Anatolia, where continents, climates, seas and human communities meet, is one of the most significant crossroads in the world. These Turkish lands became the "cradle of civilizations" in the past due to this very special location.
The civilizations that Anatolia hosted naturally left valuable traces in these lands with their cultures and history. The Museum of Anatolian Civilizations in the capital Ankara follows these traces left by the past with the aesthetic effect of art and one of the richest collections in the world.
The museum will organize a new exhibition to reveal the story of epidemics in Anatolian lands this time in reference to the challenging coronavirus pandemic. The “Konuşan Tabletler” (“Speaking Tablets”) exhibition will feature Kültepe Assyrian and Hittite tablets written between 2000 and 1400 B.C. to provide information about the epidemic diseases of the period, according to the museum's director, Yusuf Kıraç.
The exhibition, one of the events held for the 100th anniversary of the Anatolian Civilizations Museum, will open to the public next week. Three tablets from the period of the Assyrian Trade Colonies in Kültepe or Kanesh – which is an archaeological site in central Kayseri province – the plague prayer tablet of King Mursilli II from the Hittite period and Hittite tablets telling various rituals to get rid of 14 epidemic diseases particularly standout in the exhibition.
The exhibition aims to inform visitors and raise awareness that there were epidemics in Anatolia in the past and that prayers were performed, vows were made and rituals were held within the scope of measures against diseases.
According to the information obtained from the tablets in the museum's archive, the oldest epidemic disease in Anatolia mentioned in written sources belongs to the Assyrian trade colonies period (2000-1750 B.C.). Another plague in Anatolia started in the 14th century B.C. during the last years of the reign of Hittite King Suppiluliuma I. The disease during the Assyrian period in Kültepe is 350-400 years older than the epidemic in the Hittite period. However, the Hittite epidemic was so destructive that it ravaged the Hittite country. This plague caused the death of Suppiluliuma I and his son and successor Arnuwanda II and reached its peak during the reign of King Mursilli II. The tablets reveal that the Hittite country was devastated by the plague for 20 years, and although some cities got it under control, some cities turned into graveyards.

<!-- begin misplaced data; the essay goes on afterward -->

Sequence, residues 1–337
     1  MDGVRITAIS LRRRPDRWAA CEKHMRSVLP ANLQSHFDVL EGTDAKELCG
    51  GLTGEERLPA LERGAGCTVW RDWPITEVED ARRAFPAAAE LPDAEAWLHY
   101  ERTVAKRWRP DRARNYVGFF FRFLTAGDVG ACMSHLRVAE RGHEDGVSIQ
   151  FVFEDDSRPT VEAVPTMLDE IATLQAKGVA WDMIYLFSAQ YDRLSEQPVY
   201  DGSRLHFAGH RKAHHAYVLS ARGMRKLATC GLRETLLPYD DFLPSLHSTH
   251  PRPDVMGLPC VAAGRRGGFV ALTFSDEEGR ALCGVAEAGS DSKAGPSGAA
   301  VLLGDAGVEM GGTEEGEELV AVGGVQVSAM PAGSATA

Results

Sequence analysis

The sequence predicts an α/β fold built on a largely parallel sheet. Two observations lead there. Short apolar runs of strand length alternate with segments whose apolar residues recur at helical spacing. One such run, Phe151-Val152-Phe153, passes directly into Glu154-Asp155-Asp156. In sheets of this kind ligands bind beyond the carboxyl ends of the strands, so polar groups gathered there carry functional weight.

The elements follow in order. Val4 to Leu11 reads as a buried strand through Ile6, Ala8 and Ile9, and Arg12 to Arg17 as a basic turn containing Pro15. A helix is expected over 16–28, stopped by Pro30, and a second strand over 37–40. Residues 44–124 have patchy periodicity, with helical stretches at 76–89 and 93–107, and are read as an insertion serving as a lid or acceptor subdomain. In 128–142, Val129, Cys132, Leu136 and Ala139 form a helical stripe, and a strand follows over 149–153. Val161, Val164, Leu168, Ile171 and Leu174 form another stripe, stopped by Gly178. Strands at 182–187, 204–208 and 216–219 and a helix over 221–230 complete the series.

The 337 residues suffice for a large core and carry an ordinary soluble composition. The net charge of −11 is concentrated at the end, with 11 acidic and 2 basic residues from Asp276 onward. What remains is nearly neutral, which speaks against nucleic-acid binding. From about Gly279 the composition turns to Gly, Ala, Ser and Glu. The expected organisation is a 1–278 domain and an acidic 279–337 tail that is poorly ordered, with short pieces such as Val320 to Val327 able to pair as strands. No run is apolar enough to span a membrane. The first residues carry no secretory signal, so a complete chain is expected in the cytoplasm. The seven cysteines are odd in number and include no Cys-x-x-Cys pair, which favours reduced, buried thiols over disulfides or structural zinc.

According to the data on the tablets, it was seen that the epidemic also affected the Babylonian and Hurrian kingdoms in Egypt, Mesopotamia, as well as the local kingdoms in Syria along with the Hittites and their local kingdoms.
Kıraç also said some of the tablets set to go on display in the exhibition list the names of the diseases, while some do not. “We see on the tablets that many kings died and administrations changed due to the plagues. These early written pieces also show the reasons for the plagues. For example, they tell us that the Hittite plague peaked during the reign of King Mursilli II because of expeditions. The Hittites conducted trade expeditions in the Mediterranean, especially in Egypt, took captives while there and epidemic diseases spread from these Egyptian captives to the army. From this information, we understand that the soldiers in the army infected their families when they returned to their homeland. Thus, serious epidemics took over Anatolia. At that time, many of the city-states turned into cemeteries due to the massive number of deaths. Mursilli addresses gods on a tablet and says, 'If I die too, who will make a vow to you?' These tablets prove how severe the plague was during the Hittite period,” he added.
Stating that there was a period of 600 years between the first Anatolian tablets mentioning an epidemic and the last ones, the museum director also said the tablets provide information about the measures of the ancient civilizations for the diseases. “Especially in places where the epidemic was intense, high-ranking people, royal family members moved to places where there were no cases of the epidemic. They were trying to take measures by transferring themselves to safe places. We also see that the trade between people or countries was suddenly halted due to the plagues. Moreover, the ancient people of Anatolian land took spiritual measures against the diseases. They thought that they had neglected the gods, forgot to make vows to them, and these were the reasons for the diseases. Therefore, they dedicated themselves to making more offerings to them and tried to celebrate their holidays more festively so that the gods would be pleased and destroy the disease. They also performed prayers in this sense.”
Kıraş said that they want to show visitors with this exhibition that the epidemic problems like coronavirus were experienced in the past periods of Anatolia. Explaining that humanity struggled with these diseases in every period, the museum director lastly added: “The ancient people cling to life again after such challenging epidemics. I hope, we will create awareness on this situation and instill hope into people with this show in the 100th anniversary of our museum.”